Musk faces the unusually high tax bill after exercising almost 15 million options and selling millions of shares to cover the taxes related to the transactions. That was following a Twitter poll last month where he asked whether he should sell 10% of his stake in Tesla. Musk may end up saving a couple of billion dollars in capital-gains taxes he would have owed to California because of his move to Texas.

A report in June stated that Musk paid little income tax relative to his outsize wealth. He has pushed back against this characterization, saying he does not draw a salary from either SpaceX or Tesla, and pays an effective tax rate of 53% on stock options he exercises. He added that he expects that tax rate to increase next year.

Musk is not the only billionaire likely to pay a big tax bill this year. Many top U.S. billionaires have more than doubled their stock sale activity this year, as the richest Americans unload shares after a run-up in stock valuations and before a potential tax hike in 2022. So far this year, Jeff Bezos, the second-richest person in the world, has sold more than $9 billion in Amazon stock, while Mark Zuckerberg has liquidated $4.5 billion in shares of Meta Platforms Inc. Both men are likely to pay a lower tax rate than Musk, partly because their sales are designed to fund charitable endeavors, which allow tax deductions.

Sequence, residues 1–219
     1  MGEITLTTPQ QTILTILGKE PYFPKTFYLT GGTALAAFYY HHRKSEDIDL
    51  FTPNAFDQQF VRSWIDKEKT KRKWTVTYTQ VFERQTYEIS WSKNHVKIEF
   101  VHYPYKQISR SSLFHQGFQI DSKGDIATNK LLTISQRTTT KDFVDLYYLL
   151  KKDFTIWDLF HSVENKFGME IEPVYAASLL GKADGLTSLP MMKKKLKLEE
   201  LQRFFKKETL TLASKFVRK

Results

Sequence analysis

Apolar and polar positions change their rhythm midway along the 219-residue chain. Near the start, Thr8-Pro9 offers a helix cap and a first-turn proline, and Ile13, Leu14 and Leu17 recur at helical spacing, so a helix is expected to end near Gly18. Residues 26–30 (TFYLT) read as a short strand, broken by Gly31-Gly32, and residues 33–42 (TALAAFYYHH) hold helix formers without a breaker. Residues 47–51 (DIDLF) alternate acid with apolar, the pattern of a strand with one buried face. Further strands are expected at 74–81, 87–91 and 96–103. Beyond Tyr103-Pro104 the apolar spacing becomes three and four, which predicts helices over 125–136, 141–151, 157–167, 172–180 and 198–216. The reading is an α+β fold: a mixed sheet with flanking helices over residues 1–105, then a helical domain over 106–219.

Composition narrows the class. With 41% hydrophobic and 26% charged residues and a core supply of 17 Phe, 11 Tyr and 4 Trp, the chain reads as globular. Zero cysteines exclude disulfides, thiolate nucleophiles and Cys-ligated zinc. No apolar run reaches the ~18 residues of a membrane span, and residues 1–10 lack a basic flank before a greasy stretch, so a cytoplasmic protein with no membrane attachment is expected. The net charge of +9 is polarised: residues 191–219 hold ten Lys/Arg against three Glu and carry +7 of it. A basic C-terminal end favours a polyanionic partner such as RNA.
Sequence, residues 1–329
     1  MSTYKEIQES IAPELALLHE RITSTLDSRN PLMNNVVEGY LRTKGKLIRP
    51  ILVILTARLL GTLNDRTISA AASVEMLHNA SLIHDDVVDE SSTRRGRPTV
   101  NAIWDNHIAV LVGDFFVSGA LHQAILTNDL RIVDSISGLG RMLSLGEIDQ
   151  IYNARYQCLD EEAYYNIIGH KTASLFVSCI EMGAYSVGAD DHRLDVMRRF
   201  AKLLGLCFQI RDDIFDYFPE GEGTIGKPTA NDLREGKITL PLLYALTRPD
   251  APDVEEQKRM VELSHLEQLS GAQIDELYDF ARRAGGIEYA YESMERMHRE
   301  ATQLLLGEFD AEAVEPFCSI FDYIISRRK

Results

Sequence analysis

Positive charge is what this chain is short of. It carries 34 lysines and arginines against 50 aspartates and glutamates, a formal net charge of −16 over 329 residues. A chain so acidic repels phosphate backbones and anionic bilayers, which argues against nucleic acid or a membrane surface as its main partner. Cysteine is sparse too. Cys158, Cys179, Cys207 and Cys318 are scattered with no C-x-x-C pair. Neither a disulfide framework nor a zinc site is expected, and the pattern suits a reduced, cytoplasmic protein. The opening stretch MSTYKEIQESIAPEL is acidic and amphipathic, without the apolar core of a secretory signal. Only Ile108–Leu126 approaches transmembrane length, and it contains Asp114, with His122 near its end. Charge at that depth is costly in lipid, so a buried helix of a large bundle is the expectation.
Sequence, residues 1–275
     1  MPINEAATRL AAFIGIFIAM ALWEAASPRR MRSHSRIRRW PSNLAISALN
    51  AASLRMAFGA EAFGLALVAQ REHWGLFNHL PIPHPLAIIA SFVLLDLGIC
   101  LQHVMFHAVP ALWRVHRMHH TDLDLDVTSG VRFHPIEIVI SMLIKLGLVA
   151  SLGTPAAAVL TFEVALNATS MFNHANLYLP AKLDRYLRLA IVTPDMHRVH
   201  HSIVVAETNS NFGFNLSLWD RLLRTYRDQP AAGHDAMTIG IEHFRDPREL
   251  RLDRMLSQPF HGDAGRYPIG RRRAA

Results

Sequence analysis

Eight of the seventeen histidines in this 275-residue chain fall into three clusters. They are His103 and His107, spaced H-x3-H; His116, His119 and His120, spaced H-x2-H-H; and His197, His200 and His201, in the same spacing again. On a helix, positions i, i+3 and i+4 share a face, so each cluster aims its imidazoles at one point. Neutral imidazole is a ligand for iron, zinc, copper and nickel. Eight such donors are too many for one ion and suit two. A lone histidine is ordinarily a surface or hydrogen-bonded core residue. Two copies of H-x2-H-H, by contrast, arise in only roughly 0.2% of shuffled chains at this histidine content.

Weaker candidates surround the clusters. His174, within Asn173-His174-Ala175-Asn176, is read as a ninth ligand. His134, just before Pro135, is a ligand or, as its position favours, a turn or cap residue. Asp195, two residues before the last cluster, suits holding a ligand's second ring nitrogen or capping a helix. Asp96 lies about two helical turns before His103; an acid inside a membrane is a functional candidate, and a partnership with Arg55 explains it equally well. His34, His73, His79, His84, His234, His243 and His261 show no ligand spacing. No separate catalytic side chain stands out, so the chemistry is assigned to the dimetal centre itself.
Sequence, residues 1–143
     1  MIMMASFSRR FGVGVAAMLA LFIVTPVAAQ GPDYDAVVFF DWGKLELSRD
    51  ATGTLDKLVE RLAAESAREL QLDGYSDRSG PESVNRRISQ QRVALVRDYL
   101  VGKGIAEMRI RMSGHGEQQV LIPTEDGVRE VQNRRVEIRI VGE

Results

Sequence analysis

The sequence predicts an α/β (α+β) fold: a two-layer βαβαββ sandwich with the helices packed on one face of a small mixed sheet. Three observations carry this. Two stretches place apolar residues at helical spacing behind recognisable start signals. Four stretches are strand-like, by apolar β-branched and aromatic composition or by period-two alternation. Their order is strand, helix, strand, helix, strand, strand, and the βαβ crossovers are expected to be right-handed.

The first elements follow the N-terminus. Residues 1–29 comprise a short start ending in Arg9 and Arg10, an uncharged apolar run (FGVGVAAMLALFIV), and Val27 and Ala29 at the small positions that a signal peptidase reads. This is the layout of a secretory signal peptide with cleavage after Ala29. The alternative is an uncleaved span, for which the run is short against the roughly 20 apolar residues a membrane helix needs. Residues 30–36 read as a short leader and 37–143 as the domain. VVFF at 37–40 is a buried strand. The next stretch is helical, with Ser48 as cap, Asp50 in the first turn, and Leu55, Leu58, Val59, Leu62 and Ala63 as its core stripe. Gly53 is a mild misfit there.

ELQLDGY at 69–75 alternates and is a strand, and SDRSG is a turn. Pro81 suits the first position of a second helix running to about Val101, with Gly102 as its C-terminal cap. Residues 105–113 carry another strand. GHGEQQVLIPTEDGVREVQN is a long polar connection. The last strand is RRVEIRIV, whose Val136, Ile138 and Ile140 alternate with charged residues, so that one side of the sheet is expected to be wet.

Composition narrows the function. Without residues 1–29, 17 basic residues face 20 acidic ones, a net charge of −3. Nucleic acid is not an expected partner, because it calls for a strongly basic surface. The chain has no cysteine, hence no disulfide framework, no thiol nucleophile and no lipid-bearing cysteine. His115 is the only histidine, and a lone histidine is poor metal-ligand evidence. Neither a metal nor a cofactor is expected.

Talley’s team of tax professionals provide comprehensive tax compliance and consulting services so you can preserve, enhance, and pass on your assets and wealth to the next generation. We welcome the opportunity to discuss the current options available for you. For more information, contact us today.